You’d be hard pressed to come up with anything cuter than a baby elephant, except maybe three baby elephants! There’s been a baby boom at Elephant Nature Park in the past year and we’d been excitedly following news of the births as we were planning our trip. Female elephants are extremely family-oriented and maternal, and a new baby is cause for celebration amongst the herd. It takes a village, and the competition for senior and junior auntie positions can be fierce. There can be jealousies, one-upmanship, and unsuccessful probation periods. But eventually, a hierarchy will be established and all will do their part to nurture and protect the calf as if it were her own.
I believe that if, at the end, according to our abilities, we have done something to make others a little happier, and something to make ourselves a little happier, that is about the best we can do. To make others less happy is a crime. To make ourselves unhappy is where all crime starts. We must try to contribute joy to the world.
Navann was born on October 28, 2012, and was a surprise baby at Elephant Nature Park. No one had any inkling that his mother, Sri Prae, a twenty-something land mine victim who has been at the park only since 2010, was pregnant when she was rescued. Elephants have a gestation period of twenty-two to twenty-four months, and being the largest land mammal they can hide their baby bump pretty well. After the healthy baby boy was born, it became a long and drawn-out competition to claim a position as a member of Navann’s auntie platoon, which today is led by Mae Kham Paan and Dao Tong. When we met Navann he was just over a year old with a permanent cheeky grin on his face and loads of energy — as you would expect from any toddler. Now this mischievous youngster has a playmate in Dok Mai, a little girl just seven months old who was another unexpected birth at the park by mother Dok Ngern. Also surrounded by aunties, the two family groups have joined forces to become one of the largest herds at ENP. As for the two calves, the duo are inseparable and you can find them running, chasing, and wrestling with each other, as well as practicing to trumpet like their grown-up family members.
The park’s newest arrival is three month old Yin Dee. He was born to teenage mom Mintra, a former street-begging elephant who was hit by a car when she was just four years old, which dislocated both of her hips. Despite her difficult early life Mintra is very sociable, even a bit of a flirt. She has enjoyed and encouraged the attention of both Hope and Jungle Boy, and one of these young elephants is the father. Breeding is never forced or even encouraged at ENP, but if two consenting elephants are in the mood you really can’t get in their way.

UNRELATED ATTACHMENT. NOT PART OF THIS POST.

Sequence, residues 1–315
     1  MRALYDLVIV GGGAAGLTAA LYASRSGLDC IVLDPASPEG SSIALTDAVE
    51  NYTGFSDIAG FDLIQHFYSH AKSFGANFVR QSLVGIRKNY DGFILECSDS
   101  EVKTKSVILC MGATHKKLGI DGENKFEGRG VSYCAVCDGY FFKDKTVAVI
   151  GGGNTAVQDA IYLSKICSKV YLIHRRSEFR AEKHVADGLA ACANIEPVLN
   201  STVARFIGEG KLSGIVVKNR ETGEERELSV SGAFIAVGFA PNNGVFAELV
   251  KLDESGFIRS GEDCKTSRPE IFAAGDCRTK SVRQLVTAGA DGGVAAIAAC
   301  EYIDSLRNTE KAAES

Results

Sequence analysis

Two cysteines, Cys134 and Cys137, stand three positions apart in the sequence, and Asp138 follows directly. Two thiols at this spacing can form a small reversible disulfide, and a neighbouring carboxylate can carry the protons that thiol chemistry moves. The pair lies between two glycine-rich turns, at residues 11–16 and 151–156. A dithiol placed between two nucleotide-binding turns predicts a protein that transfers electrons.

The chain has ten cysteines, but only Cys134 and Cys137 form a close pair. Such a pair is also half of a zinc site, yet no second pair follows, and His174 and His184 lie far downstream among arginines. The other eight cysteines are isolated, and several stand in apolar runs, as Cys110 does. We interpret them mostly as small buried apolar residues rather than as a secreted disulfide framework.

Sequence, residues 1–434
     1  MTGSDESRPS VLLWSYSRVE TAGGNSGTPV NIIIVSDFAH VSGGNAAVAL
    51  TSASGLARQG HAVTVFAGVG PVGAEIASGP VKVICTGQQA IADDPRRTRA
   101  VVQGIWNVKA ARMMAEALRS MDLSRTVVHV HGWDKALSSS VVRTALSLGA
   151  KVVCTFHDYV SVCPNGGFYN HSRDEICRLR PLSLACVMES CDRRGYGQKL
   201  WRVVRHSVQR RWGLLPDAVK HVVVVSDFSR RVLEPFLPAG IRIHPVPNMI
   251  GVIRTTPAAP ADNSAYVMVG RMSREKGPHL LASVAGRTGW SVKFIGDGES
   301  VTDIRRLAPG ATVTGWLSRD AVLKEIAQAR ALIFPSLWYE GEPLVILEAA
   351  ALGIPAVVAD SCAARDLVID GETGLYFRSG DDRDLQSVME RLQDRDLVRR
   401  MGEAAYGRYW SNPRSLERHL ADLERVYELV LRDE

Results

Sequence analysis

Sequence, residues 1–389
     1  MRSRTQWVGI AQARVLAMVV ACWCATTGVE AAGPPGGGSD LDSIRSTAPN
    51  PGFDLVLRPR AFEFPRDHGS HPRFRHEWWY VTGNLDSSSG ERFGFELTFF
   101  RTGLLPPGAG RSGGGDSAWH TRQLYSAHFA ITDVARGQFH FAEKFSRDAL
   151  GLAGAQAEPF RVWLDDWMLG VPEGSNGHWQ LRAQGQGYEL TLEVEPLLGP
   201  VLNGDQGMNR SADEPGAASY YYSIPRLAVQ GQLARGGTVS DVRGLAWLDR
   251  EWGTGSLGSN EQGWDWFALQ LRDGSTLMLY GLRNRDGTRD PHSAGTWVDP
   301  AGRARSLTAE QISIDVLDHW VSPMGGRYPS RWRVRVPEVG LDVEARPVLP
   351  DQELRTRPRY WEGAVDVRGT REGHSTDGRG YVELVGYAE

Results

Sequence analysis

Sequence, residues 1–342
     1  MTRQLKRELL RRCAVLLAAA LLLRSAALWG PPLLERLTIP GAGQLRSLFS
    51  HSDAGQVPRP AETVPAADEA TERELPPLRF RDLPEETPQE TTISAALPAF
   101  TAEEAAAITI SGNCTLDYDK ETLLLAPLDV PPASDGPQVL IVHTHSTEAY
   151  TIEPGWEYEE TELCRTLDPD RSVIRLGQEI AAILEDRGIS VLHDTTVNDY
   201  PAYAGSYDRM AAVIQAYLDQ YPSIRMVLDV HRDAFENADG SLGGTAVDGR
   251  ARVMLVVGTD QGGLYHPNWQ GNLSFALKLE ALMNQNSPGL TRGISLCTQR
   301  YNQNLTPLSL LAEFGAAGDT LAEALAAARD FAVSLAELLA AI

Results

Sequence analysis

Mintra and Yin Dee were kept in a shelter for the first month while several of the female elephants came by on a regular basis to congratulate the new mother and throw in their hat for consideration as a prospective auntie. The honor currently belongs to Malai Tong, another land mine victim and the social butterfly of ENP who was just itching for the Number One spot, along with Mintra’s best friend, Mae Jampaa, a grumpy fifty-something former logging elephant who has reluctantly taken the position. She appears not to be overly interested in Yin Dee but she might just be jealous of the attention he gets from her best friend. At some point it must have dawned on her that the best way to not be cast aside is to be one of the main supports for mother and baby. This tight-knit group is now free to roam outside, although they are still kept separate from the other elephants at ENP until Yin Dee gets a little older and develops his confidence. We were fortunate to see this lovely family on several occasions and it was a beautiful thing to watch these elephants, with all their physical ailments so apparent, happily bonding with each other and with this little elephant. They were a constant reminder of the courage, strength, and emotional complexity that elephants have and an inspiration that even when facing hardship there is joy that can still be found in everyday life through friends and family.